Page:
So Much For "Spreading HIS Wealth Around
'Auntie Zeituni', who, with Uncle Omar, dropped out of sight after moving to the US, is backing the presidential candidate from her modest flat
James Bone in Boston, Rob Crilly in Kogelo and Ben Macintyre
Barack Obama has lived one version of the American Dream that has taken him to the steps of the White House. But a few miles from where the Democratic presidential candidate studied at Harvard, his Kenyan aunt and uncle, immigrants living in modest circumstances in Boston, have a contrasting American story.
Zeituni Onyango, the aunt so affectionately described in Mr Obama’s best-selling memoir Dreams from My Father, lives in a disabled-access flat on a rundown public housing estate in South Boston.
A second relative believed to be the long-lost “Uncle Omar” described in the book was beaten by armed robbers with a “sawed-off rifle” while working in a corner shop in the Dorchester area of the city. He was later evicted from his one-bedroom flat for failing to pay $2,324.20 (£1,488) arrears, according to the Boston Housing Court.
The US press has repeatedly rehearsed Mr Obama’s extraordinary odyssey, but the other side of the family’s American experience has only been revealed in parts. Just across town from where Mr Obama made history as the first black president of the Harvard Law Review, some of his closest blood relatives have confronted the harshness of immigrant life in America.
In his book Mr Obama writes that “Uncle Omar” had gone missing after moving to Boston in the 1960s – a quarter-century before Mr Obama first visited his family in Kenya. Aunt Zeituni is now also living in Boston, and recently made a $260 campaign contribution to her nephew's presidential bid from a work address in the city.
Speaking outside her home in Flaherty Way, South Boston, on Tuesday, Ms Onyango, 56, confirmed she was the “Auntie Zeituni” in Mr Obama’s memoir. She declined to answer most other questions about her relationship with the presidential contender until after the November 4 election. “I can’t talk about it, I just pray for him, that’s all,” she said, adding: “After the 4th, I can talk to anyone.”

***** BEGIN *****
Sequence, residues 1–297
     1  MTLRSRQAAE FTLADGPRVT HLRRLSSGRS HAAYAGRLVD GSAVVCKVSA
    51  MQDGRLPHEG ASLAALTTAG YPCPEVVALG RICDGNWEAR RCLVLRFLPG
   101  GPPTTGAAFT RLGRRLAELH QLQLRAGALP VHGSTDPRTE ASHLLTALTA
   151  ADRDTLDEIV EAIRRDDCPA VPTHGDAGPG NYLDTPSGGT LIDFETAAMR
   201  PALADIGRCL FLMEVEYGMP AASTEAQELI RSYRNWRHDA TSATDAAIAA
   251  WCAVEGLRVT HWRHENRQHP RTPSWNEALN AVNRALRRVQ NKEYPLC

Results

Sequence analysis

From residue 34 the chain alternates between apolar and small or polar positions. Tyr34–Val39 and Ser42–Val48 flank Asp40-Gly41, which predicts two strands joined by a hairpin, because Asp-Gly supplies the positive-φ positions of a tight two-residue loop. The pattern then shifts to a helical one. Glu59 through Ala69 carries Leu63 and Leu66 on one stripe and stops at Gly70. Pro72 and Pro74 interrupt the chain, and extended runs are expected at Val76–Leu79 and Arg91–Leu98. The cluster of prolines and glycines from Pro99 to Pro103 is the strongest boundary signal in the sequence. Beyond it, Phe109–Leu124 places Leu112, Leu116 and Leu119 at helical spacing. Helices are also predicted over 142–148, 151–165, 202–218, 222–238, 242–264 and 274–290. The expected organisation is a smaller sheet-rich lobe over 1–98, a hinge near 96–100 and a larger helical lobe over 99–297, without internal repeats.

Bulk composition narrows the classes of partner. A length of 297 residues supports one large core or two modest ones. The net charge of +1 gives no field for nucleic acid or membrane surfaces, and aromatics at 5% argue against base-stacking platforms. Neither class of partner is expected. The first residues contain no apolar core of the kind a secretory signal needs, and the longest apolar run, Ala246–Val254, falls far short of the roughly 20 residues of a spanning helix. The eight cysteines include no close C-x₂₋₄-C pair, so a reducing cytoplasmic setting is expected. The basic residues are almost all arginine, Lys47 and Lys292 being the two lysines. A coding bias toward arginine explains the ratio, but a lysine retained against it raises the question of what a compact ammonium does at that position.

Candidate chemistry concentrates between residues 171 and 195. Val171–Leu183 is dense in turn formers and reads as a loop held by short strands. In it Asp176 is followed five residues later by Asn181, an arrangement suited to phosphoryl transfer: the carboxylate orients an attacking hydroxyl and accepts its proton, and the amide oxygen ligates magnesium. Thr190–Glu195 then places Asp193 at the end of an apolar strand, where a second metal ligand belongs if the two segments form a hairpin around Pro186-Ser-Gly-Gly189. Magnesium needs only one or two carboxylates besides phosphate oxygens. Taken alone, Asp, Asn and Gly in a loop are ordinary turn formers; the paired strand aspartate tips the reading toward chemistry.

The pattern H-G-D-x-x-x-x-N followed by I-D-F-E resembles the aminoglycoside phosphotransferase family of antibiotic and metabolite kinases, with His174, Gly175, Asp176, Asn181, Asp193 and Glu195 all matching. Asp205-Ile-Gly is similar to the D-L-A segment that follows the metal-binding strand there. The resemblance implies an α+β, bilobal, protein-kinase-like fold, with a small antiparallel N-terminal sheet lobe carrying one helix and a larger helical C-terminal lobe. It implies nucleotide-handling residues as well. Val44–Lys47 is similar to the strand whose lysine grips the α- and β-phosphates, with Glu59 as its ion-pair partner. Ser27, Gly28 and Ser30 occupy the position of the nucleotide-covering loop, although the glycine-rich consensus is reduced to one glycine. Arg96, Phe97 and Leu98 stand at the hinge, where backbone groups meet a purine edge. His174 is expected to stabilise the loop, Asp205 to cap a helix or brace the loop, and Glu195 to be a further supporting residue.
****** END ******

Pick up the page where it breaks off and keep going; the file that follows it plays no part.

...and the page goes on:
A photograph of Ms Onyango was later shown to George Hussein Onyango, Barack Obama’s half-brother in Nairobi, who confirmed that it was their aunt. George Onyango, 26, the youngest child of Barack Obama Sr, said that he had spent weekends with his Aunt Zeituni when he was growing up, and instantly recognised her.
George Onyango said that his aunt had left for the US about eight years ago but sent him e-mails. “She left to find work and I suppose she thought her life would be better there,” he said. “She was kind and caring.”
In his memoir Mr Obama describes the joy of meeting his father’s family during his first visit to Kenya in 1988. Aunt Zeituni, then a computer programmer at Kenya Breweries in Nairobi, is portrayed as a feisty woman who proclaims herself “the champion dancer”. Uncle Omar, by contrast, remains a mysterious figure who left for America and never came back. At one point in the book a half-sister tells Mr Obama that people “like our Uncle Omar, in Boston” move to the West.
“They promise to return after completing school. They say they’ll send for the family once they get settled. At first they write once a week. Then it’s just a month. Then they stop writing completely. No one sees them again.”
Aunt Zeituni and Uncle Omar are the children of Mr Obama’s grandfather Hussein Onyango Obama, by his third wife – the woman Mr Obama calls “Granny” because she raised his father. Mr Obama’s father, Barack Sr, was Onyango Obama’s son by his second wife, Akumu. That makes Zeituni and Omar a half-sister and half-brother of Mr Obama’s father, or Mr Obama’s half-aunt and half-uncle.
While Mr Obama was on his voyage of personal discovery in Africa, his aunt and uncle were engaged in their own journey in his homeland.